UPDATE: The Tempe IKEA store will open November 10.
AZCentral has a nice little article about the humble beginnings of the furniture juggernaut IKEA. The Phoenix area is waiting impatiently for our local store to open so that much pent-up demand for affordable-but-okay-quality-and-looks-darn-nice home furnishings can be satisfied.
Having grown up in a house furnished by IKEA, though, I want to look beyond the current state of their artifacts and look back upon the quality as it was before, say, the mid-eighties. In a word, it was crap. Decent-looking crap, but crap. Cheap was the watchword back then, and quality control was, ahem, a bit, shall we say, lacking.
Selling the furniture in flat boxes and putting the onus of assembly on the purchaser was–and is–a brilliant idea: IKEA saves a ton of money in shipping, and the purchaser can usually get their goods home without having to rent a semi-truck and ding their stuff up in the process of transportation. (That particular joy gets saved for the correct occasion–moving house.)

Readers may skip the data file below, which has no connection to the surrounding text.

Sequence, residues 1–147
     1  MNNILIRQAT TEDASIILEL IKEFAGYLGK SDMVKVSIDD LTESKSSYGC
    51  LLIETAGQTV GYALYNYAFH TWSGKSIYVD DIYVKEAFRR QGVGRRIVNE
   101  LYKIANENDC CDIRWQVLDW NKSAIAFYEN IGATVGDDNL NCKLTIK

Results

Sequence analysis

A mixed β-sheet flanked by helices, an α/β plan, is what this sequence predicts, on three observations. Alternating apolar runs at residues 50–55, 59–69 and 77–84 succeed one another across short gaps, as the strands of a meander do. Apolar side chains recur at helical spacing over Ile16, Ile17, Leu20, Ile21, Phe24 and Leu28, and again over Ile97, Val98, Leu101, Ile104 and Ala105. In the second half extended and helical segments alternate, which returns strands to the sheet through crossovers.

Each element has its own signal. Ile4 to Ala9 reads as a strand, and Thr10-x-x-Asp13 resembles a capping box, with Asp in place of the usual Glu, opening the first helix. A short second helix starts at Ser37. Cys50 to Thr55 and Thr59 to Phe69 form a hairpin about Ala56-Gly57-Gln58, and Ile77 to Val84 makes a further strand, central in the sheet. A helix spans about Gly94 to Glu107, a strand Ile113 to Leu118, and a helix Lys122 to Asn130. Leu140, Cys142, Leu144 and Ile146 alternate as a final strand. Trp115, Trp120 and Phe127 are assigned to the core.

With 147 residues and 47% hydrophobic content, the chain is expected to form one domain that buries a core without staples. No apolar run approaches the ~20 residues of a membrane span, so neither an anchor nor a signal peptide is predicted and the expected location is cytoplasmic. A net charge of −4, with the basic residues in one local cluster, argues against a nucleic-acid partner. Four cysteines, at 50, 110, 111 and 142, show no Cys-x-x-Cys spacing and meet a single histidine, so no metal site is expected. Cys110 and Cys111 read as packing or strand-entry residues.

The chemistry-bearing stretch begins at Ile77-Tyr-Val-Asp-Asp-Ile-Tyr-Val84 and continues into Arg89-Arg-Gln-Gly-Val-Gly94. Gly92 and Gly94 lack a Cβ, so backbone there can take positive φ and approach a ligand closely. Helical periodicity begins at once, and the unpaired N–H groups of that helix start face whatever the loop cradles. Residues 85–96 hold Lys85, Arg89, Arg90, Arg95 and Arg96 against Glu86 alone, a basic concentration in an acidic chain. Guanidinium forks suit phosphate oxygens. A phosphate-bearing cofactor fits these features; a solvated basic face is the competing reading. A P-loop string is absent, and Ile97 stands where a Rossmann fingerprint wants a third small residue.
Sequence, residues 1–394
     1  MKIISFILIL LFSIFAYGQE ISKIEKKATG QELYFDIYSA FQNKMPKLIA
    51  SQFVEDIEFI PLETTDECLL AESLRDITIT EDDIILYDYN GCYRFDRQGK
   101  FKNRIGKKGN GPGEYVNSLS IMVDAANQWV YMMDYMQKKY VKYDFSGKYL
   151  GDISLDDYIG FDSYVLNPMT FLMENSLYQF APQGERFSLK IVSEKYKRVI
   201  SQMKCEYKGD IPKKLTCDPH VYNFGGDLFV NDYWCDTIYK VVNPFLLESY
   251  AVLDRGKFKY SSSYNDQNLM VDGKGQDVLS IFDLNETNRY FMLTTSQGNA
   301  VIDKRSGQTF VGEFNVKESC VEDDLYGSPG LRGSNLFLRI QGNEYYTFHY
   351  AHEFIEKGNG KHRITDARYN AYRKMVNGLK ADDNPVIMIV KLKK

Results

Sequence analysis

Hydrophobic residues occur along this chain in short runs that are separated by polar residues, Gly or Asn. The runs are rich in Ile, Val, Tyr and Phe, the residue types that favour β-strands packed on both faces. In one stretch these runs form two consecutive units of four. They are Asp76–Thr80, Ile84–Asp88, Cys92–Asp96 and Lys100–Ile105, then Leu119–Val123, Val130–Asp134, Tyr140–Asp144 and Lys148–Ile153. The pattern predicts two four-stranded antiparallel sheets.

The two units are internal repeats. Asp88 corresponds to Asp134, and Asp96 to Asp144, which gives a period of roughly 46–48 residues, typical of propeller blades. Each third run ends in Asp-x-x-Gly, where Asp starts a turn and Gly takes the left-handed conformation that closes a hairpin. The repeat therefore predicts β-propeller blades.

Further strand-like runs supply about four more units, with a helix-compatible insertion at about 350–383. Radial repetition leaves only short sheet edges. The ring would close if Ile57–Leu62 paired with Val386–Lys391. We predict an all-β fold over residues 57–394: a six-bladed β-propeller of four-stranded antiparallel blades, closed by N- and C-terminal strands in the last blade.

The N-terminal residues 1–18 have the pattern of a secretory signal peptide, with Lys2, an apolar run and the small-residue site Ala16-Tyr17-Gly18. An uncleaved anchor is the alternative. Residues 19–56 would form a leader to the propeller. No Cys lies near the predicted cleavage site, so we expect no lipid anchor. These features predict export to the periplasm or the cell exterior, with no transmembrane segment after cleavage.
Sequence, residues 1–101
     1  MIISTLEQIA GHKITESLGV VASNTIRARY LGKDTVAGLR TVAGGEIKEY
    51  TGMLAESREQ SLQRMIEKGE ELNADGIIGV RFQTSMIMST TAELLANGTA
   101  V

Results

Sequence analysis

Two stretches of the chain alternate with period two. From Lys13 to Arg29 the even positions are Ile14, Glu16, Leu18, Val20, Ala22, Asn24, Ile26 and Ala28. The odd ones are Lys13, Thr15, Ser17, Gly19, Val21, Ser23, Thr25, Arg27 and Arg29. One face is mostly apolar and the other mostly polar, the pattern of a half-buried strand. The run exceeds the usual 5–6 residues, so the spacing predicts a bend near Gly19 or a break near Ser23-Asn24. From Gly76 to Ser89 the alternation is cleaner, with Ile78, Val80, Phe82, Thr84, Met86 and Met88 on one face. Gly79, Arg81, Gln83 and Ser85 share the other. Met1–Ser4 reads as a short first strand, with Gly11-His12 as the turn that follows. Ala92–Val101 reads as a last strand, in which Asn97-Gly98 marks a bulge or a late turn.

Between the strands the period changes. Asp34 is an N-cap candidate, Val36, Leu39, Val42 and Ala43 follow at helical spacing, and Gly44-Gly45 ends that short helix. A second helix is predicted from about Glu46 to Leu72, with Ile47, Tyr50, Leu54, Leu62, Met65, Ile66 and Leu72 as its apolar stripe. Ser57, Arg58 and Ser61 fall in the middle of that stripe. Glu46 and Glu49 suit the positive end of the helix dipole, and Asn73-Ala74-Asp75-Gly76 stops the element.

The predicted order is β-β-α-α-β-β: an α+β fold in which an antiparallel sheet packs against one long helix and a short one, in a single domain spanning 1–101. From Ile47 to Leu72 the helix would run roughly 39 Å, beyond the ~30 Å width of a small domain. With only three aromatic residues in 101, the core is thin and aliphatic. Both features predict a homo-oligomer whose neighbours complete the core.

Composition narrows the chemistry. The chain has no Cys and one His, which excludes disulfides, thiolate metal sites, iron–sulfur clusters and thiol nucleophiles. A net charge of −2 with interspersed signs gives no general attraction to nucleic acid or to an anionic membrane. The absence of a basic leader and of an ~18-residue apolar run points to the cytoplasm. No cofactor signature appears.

These days the instructions are clear and much fun is obviously had by the designers while figuring out ingenious ways of creating space-obviating magic. But back in the day, the instructions were a flimsy sheet of impressionistic drawings sharing very little connection with the boring reality of the item you were trying to put together, and–and this is important–a crucial piece would always be missing.
Thus many a young and impressionable Swedish mind would get their first true taste of Swearing when mom and dad, the clock pushing towards midnight, were still sweating over some bookcase which, it turns out, did _not include piece C. _
We have to have piece C! Mother**rs! We’ll have to drive back to the **ing store tomorrow and pick up the **ing piece of $%^##! Why the %$^&$% do we keep buying this ***ing shit from those @#$^@#^?
Good times, good times. But a well-rounded vocabulary never hurt anybody.
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